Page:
o p e r a t io n s ..........................................................................
128
F o re ig n C om m erce a n d t h e T a riff, p u b lic a ­
F is h p o n d s o n f a r m s .......................................................
129
tio n .......................................................................
76
F is h e r ie s B u r e a u , A l a s k a fis h e r ie s ........................
125
F o reig n com m ercial o rg an izatio n s, coopera­
a p p r o p r i a t io n s a n d e x p e n d i t u r e s ..........................22-29
tio n .......................................................................
55
b u i l d i n g s ............................................................ 1 6 ,1 7 ,5 7 ,1 3 9
F o reig n in d e b te d n e s s , re d u c tio n .........................
14
c o m m e r c ia l fis h e rie s , r e v i e w .................................
132
F o reig n m a rk e ts . S e e F o re ig n a n d D o m estic
c o o p e r a t io n w i t h L i g h t h o u s e S e r v i c e .............
151
C om m erce B u rea u ; F o re ig n tr a d e , etc.
w i t h S t a t e a u t h o r i t i e s ...........................................
130
F o reig n ta riffs ..............................................................
72
d e d ic a t io n o f t a b l e t t o S p e n c e r F u l le r t o n
F o reig n tra d e , a d ju s tm e n t of d is p u te s .............
69
B a i r d ...........................................................................
1
a d v a n ta g e s of free p o r ts .......................................
55
e s t im a t e s o f a p p r o p r i a t io n s f o r f is c a l y e a r
co m p a ra tiv e m a p s of foreign c o u n trie s .........
53
19 18 ...............................................................................
32
cooperation w ith fo reign c h a m b e rs of com ­
f o o d fis h e s , p r o p a g a t io n a n d d i s t r i b u t i o n . 1 6 ,1 2 7
m erce ...................................................................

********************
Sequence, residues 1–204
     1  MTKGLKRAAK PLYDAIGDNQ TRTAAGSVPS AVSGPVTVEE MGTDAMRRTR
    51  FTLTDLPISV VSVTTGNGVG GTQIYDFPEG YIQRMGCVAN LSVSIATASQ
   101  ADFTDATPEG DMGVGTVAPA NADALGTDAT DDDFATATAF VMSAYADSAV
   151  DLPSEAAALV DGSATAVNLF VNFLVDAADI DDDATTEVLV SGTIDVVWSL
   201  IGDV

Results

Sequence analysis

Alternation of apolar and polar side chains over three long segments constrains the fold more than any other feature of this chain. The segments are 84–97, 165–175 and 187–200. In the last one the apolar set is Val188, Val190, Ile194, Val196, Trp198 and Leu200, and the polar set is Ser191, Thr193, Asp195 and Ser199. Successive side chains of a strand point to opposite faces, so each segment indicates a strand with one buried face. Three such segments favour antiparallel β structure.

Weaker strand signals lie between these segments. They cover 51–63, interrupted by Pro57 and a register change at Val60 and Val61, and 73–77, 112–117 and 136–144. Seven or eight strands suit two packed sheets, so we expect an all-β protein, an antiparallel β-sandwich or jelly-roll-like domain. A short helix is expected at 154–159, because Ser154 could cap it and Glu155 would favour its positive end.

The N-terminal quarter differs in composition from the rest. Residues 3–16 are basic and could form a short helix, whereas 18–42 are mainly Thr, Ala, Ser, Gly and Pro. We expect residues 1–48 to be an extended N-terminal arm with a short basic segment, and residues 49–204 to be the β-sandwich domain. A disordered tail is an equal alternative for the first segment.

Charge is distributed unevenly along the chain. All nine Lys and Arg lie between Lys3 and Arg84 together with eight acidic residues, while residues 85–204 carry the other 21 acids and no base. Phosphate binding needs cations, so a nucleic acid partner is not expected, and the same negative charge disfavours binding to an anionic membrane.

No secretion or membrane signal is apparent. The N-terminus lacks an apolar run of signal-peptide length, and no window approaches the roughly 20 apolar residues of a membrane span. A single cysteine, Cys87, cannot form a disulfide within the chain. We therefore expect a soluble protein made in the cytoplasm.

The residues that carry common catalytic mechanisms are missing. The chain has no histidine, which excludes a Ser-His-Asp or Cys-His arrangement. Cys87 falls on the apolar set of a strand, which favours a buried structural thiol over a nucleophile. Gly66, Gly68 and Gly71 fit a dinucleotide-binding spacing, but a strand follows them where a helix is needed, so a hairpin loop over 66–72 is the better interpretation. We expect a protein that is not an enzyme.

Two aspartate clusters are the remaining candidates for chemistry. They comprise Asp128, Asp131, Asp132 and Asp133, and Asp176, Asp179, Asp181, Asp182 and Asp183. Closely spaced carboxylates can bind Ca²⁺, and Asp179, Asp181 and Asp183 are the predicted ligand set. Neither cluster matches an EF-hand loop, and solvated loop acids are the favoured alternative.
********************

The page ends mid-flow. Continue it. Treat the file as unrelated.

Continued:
55
f o r t y - f if t h a n n i v e r s a r y e x e r c is e s .........................
112
f o x h e r d s ............................................................................
122
e x p a n sio n ................................................................... 14,58
fr e s h - w a t e r f is h e r y i n v e s t i g a t i o n s ......................
137
e x p o rt s ta tis tic s, a c c u ra c y ..................................
72
f u r f a r m s .....................................................
12 4 ,12 5
ex ten sio n of A m e ric a n b a n k s a b r o a d ............18,66
fu r - s e a l h e r d .....................................................................
115
‘'F o re ig n tr a d e o p p o rtu n itie s ,” re s u lts of
g r a y fi s h f is h e r y d e v e l o p e d ............................ 1 6 ,5 3 ,1 1 3
se rv ic e .................................................................
59
138
la b o r a t o r y ' o p e r a t io n s ................................................
in v e s tm e n ts of A m erican c a p ita l a b r o a d . . .
62
m a r i n e f is h e r y i n v e s t i g a t i o n s .......................... 1 1 2 ,1 3 6
safeguards a g a in s t u n fa ir c o m p e titio n ..........
18
m in o r f u r - b e a r in g a n i m a ls o f A l a s k a ............................. 122
to n n a g e re g iste re d ..................................................
222
m is c e lla n e o u s r e c e i p t s ...............................................
27
S e e a lso F o reig n a n d D o m estic C om m erce
m u s s e l p r o p a g a t i o n .....................................................
131
B u re a u .
E x c u r s i o n s t e a m e r s , a l lo w a n c e o f p a s s e n g e r s .

20

253

IN D E X .
P ag e.
F o re ig n
u n fa ir co m p etitio n ,
safeguards
a g a in s t................................................................
18
F o re ig n vessels a d m itte d to A m erican regis­
tr y ( s e e o l s o V esse ls)................................... 19.« 220
F o r e s t p ro d u c ts, proposed a n n u a l collection
of s ta tis tic s ........................................................
107
F o re s t S ervice, c o o p e ra tio n in im p ro v e m e n t
of lu m b e r in d u s t r y ........................................
75
F o u n d a tio n for P ro m o tio n of I n d u s tria l P eac e
50
fin an cial s ta te m e n t fro m A m erican S ecu rity
& T ru s t C o ........................................................
51
F o x es, A lask an h e r d s ...............................................
122
sales of s k in s ......................................................... 118,122
F re e p o rts, d is c u s s io n ...............................................
55
F r u its a n d n u ts , foreign m a rk e ts , in v e stig a ­
tio n s .....................................................................
66
F u r-b e a rin g an im als, m in o r, A la s k a .................
122
F u r fa rm in g in A la s k a ......................................... 124,125
F u r seals. S e e Seals.
F u r w a rd e n s, A la s k a ................................................
122
F u r n itu r e , foreign m a rk e ts , s tu d ie s ...................
66
F u rs , s h ip m e n ts fro m A la s k a ...............................
124
F u sib le p lu g s ................................................................